bnoble

he's right
I don't particularly like the fact that I'm tipping someone before I know what kind of service they are providing.
From where I sit, worrying about that only makes sense if you assume that a non-trivial fraction of housekeeping staff simply isn't doing their job. I spend a lot of nights in hotels (not just Disney's) every single year, and can count the number of times I've had an inadequate cleaning on one hand.

That said:
it stayed that way through our whole trip
This is worth a visit to the front desk to speak with a manager. It will take five minutes, and will get things fixed quickly. Not a phone call---those all go to a central switchboard---but a visit.
 

HMaries

New member
I don't plan on not tipping next time because of our last visit but I personally would just feel better tipping a person after the job's been done. I was a waitress & a hostess before, I know living on 2.13 an hour then relying on tips sucks but I was expected to perform good service to get good tips (hopefully), this is just an instance where you tip in the hopes of getting good service. There doesn't seem to be a way around it so you're just stuck with the process how it is. Walking over a sticky floor and having to wipe down the counters myself wasn't the end of the world or worth calling about-for me. We dealt with it and just hoped it got better as the trip went on. I'm just saying that tipping didn't get us any better service.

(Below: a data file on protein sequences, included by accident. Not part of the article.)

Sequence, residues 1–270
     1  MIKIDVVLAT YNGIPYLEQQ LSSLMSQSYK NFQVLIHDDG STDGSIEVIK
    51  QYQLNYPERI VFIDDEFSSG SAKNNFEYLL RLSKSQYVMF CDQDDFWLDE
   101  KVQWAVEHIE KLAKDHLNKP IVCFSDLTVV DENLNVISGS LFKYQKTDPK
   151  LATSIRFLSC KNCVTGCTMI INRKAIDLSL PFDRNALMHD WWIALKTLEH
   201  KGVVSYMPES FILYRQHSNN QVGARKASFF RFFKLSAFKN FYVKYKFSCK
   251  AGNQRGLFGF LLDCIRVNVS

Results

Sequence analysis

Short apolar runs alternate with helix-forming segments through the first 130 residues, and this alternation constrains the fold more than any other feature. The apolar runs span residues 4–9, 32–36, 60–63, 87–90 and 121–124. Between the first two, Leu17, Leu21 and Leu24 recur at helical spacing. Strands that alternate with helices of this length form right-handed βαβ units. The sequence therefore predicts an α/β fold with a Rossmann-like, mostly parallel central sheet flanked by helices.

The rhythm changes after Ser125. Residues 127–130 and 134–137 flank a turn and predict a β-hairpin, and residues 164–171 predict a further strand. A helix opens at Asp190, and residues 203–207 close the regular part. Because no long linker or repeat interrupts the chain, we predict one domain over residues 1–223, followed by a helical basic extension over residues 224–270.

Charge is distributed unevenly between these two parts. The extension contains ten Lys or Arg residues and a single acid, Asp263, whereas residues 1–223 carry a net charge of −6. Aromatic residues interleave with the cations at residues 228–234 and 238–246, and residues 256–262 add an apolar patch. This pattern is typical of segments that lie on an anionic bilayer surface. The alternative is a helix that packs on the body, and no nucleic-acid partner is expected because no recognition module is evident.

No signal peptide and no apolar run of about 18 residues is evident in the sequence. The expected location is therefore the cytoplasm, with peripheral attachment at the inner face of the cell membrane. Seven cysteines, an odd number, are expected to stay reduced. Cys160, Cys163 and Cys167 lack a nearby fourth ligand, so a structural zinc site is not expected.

MADnNOLA

New member
I am so pleased to see this thread. I've spent my entire life in the hospitality industry and I'm glad that folks like all of you find it important enough to have a conversation about it.

That said, here how I approach tipping.